Artists | Issues | CD Reviews | Interviews | Concert Reviews | DVD/Video Reviews | Book Reviews | Who We Are | Staff | Home

Dave Brock

Looking for Love in the Lost Land of Dreams

Review by Gary Hill

When you consider that Dave Brock kind of is Hawkwind – at least he’s the one guy who’s been in Hawkwind through every lineup change – it might seem that a Dave Brock solo album would be a lot like Hawkwind. That assumption is true to some degree, but this album stretches well beyond sounds that are typically associated with Hawkwind. Taken outside that context, though, it’s a solid disc with a diverse set of musical styles that still manages to stay cohesive and works well throughout. There are a couple tunes that feel like they’d fit on Hawkwind albums, but most of this seems in somewhat similar territory, but a bit removed. All in all, it’s quite a satisfying disc.

This review is available in book format (hardcover and paperback) in Music Street Journal: 2013  Volume 1 at

Track by Track Review
World of Ferment

Atmospheric sounds start this and guitar rises up from there. The vocals are spoken. The guitar circles around in soloing patterns. In some ways this feels more like Pink Floyd than it does like Hawkwind.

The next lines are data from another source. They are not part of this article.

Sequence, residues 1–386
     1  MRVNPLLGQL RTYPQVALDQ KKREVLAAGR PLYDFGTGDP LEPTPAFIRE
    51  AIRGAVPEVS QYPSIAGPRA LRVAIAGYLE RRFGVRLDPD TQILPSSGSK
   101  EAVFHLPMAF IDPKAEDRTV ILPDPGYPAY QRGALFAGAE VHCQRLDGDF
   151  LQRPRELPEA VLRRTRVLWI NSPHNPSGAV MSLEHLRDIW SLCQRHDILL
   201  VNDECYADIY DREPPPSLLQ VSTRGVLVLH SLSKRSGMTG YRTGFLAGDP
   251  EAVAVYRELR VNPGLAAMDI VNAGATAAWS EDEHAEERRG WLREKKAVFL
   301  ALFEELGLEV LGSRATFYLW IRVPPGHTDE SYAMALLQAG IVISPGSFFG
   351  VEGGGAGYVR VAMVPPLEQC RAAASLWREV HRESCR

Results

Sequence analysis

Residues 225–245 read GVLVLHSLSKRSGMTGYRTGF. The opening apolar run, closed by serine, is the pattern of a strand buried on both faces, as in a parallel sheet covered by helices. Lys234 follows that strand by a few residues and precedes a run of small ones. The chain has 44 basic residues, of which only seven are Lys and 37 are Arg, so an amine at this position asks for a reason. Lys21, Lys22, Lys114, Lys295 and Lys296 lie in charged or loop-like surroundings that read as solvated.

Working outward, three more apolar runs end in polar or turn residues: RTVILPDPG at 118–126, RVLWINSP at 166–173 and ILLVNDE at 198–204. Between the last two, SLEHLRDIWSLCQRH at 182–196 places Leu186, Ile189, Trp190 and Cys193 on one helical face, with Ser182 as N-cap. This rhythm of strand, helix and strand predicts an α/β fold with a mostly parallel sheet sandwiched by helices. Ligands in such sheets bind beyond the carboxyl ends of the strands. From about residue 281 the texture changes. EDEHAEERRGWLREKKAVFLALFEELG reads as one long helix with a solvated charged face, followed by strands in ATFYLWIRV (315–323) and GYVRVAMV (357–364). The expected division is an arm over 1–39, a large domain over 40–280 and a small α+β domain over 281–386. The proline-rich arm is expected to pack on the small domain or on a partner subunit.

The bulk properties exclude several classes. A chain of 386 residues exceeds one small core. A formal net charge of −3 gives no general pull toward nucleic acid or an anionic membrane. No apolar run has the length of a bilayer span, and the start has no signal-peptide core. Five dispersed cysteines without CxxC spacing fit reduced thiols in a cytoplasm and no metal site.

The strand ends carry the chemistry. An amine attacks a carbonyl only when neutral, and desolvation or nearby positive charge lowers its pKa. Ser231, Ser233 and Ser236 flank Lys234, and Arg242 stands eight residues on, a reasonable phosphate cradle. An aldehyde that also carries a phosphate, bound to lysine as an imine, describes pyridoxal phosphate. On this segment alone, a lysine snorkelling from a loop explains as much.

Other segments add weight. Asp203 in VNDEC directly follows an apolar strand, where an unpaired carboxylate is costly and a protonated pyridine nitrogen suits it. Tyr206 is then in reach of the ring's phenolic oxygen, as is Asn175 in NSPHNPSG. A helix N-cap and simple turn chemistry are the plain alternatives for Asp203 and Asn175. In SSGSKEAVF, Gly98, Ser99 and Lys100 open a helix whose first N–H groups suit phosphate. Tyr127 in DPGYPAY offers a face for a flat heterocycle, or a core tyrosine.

A Lover’s Whim
Firing out with hard rocking sounds, this is more Hawkwind-like. Still, it’s a bit more stripped back and raw and has a combination of mellower and harder rocking motifs alternating. Again, I really like some of the guitar lines that run over the top. This is quite a diverse and dynamic cut and it works through quite a few changes. There’s even a mellow bit later that has some jazz-like keyboards while Hawk-like space sounds swirl about in the backdrop. That section ends the tune.
That Day in December

Mellow and atmospheric at the start, this does feel a lot like Hawkwind. It’s a short connecting piece.

Higher Plane

More of a rocker, this one definitely feels like it would fit on a Hawkwind album. The guitar playing and space-Hawk sounds both work really well. This is a soaring number that’s quite tasty. It does get some jazzy sounds later, though. Still, it’s merged with classic Hawkwind-like sounds.

Lazy Days

A fairly mellow cut, this has Hawkwind space rock in it, but somehow I’m also reminded of the psychedelic side of the Beatles. A jam ensues later that has a lot of Middle Eastern sounds in it. As it continues it works through a number of varying moods and modes. Again, it works out to jazzy sounds later. There’s a section beyond there that seems like it could have been lifted from the very first Hawkwind album. But, then it works to a jazz blues movement with some killer guitar soloing over the top.

Who Do You Think You Are?

Electronic weirdness opens this and it moves out to a rhythmic groove from there. There are elements of Hawkwind here, but also some definite electronic music sounds. From there it definitely evolves into a more standard Hawkwind like sound. It’s hard rocking, energized and quite space oriented all at the same time. There’s some spacey atmosphere at the end that segues into the next piece.